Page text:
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LISP Pointers
Volume I, Number 1
April-May 1987

page 6

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Three portability issues are discussed. The first, the superset problem, describes some difficulties in porting "pure" COMMON LISP code into an implementation that supports extensions. Specifically, problems arising from the implementation of packages and system macros by a superset environment are discussed. The second issue, the problem of top-level forms, concerns an implicit distinction between LISP code contained inside the definition of some named form (e.g., defun) and code appearing in a "top-level" context in a file. The distinction is necessary in order for utilities that use read to parse text into code (e.g., XREF, compilers, and language-specific editors). It is also found to be the source of semantic ambiguities arising from the use of eval-when by application programs. It is likewise related to the third issue, compiler side efects, where the ambiguity involves how a series of LISP forms are processed by the compiler (or XREF) so that the side effects of certain forms, such as macro definitions, can be used in the processing of later forms, such as macro calls, and how these side effects are related to the state of the current LISP environment. While these issues arose in the context of a program analysis utility, they reveal potential problems for portability of arbitrary COMMON LISP programs, because the position taken by an implementation will prescribe how a portable program should be organized. Specific recommendations are given for writing portable code in light of these issues. But first, a brief description of XREF is in order.

2    The XREF Cross Reference Utility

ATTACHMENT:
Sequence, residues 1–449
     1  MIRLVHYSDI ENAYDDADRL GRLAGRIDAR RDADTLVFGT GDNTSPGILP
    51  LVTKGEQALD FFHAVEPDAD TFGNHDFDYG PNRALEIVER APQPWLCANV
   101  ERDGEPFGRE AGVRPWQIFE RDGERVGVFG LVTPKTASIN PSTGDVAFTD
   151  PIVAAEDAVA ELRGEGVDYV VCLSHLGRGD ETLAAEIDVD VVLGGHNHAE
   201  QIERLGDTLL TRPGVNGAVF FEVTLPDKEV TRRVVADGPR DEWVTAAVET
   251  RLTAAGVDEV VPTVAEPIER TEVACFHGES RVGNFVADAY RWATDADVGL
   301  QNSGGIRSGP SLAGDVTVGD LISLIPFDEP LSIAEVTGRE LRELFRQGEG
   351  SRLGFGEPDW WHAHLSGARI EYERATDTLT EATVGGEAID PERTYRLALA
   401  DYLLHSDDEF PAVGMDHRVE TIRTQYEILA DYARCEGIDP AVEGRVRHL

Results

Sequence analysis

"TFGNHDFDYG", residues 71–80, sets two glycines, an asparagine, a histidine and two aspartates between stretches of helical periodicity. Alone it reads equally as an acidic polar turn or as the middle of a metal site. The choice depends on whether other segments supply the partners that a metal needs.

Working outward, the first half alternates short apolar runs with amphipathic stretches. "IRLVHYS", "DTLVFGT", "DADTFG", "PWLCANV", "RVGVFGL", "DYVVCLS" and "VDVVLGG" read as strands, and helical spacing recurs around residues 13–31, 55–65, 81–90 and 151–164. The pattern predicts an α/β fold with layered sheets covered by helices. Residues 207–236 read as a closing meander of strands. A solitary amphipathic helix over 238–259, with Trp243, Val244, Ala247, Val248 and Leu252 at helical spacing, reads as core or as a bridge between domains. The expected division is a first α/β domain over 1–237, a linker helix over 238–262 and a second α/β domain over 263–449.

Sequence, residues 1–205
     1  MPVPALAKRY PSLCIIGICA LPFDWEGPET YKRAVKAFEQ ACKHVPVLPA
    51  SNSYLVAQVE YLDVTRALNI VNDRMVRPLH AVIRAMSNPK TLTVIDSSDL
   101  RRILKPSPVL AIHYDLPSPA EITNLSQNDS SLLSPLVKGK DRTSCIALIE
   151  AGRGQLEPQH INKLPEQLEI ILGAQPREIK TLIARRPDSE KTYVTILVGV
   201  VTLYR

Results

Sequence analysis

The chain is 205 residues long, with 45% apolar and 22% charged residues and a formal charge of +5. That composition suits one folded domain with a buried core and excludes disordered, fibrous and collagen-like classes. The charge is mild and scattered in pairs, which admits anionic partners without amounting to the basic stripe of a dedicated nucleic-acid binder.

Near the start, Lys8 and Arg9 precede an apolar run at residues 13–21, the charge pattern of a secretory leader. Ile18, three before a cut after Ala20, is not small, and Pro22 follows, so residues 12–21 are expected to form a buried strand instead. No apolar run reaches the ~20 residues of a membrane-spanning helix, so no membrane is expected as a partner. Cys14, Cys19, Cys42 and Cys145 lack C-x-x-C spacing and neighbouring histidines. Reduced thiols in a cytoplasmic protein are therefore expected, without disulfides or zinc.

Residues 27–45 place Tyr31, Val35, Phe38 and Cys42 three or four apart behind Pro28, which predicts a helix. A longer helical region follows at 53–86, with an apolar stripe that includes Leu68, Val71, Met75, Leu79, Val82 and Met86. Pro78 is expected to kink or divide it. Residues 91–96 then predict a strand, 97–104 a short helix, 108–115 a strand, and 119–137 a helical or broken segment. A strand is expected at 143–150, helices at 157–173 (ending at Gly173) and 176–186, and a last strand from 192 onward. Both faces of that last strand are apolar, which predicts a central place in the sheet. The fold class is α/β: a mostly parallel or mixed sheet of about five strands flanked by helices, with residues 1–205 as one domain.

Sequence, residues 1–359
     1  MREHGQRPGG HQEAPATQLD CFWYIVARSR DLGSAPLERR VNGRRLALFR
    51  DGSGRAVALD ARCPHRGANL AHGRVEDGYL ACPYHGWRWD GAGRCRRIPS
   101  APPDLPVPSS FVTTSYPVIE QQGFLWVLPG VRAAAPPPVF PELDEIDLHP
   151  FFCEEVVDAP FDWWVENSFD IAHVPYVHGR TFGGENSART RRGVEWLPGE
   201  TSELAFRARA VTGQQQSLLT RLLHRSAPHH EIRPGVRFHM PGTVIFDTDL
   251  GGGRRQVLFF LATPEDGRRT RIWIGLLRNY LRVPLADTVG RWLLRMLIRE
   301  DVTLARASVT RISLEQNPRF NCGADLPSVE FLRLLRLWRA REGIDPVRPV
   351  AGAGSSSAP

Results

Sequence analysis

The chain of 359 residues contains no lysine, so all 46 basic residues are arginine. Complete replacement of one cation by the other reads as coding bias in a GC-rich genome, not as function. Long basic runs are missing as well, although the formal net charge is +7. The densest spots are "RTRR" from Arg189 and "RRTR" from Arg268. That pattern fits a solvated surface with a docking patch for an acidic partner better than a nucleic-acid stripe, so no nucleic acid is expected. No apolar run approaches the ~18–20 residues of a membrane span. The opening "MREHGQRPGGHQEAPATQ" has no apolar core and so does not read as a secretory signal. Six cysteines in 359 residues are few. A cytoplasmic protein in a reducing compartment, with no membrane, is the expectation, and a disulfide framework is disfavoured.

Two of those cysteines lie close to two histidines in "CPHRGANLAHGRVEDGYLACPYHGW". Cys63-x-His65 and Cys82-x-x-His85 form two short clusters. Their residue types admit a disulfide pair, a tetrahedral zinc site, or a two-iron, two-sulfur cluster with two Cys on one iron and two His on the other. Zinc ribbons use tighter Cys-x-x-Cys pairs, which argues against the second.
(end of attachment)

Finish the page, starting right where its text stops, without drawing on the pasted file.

XREF is a program analyzer for COMMON LISP programs that is used primarily as a cross reference tool. It is similar in function to the MASTERSCOPE facility of INTERLISP[2]. XREF analyzes code much like a compiler or interpreter. It parses text (program source) into s-expression forms and recursively traverses them, simulating the COMMON LISP lexical and dynamic binding environments for functions, macros, and variables. It analyzes each form, expanding macros and interpreting special forms, and records the interrelationships among these entities. It stores these relationships in a memory-resident or file-resident database, and uses the database to generate reports on source files or named forms. For example, a report on a program source file lists several types of interdependencies: which named forms (functions, macros, special variables) are defined (proclaimed) internally in the file, what other forms explicitly call (evaluate, bind, assign to) internal forms and what forms are called by internal forms, the {iles where these external forms are defined, and so on.

XREF has been running in the Digital Equipment Corporation implementation of COMMON LISP since early 1984, and the sources are supplied with the VAX LISP product.2 It has been used successfully in the development and maintenance of a variety of medium and large programs. It only requires one implementation-dependent function: proclaimed-specia1-by-system?, which tells whether a symbol has been declared to always name a special variable (by the function proclaim). nbsp;3  Some implementation-dependent features of XREF, like error handling, are useful but not essential to analyzing "correct" COMMON LISP programs}  4

2    VAX LISP is a registered trademark of Digital Equipment Corporation. VAX LISP is described in [3].

3    Most implementations use a simple mechanism, like a property list entry, to record this fact. It is necessary that XREF ask the system about this property because proclamations have dynamic extent and thus a symbol may have been proclaimed special outside of code that XREF has seen.

4    Portable alternatives are provided using read-time conditionals (#+ and #-) to distinguish them in the code.

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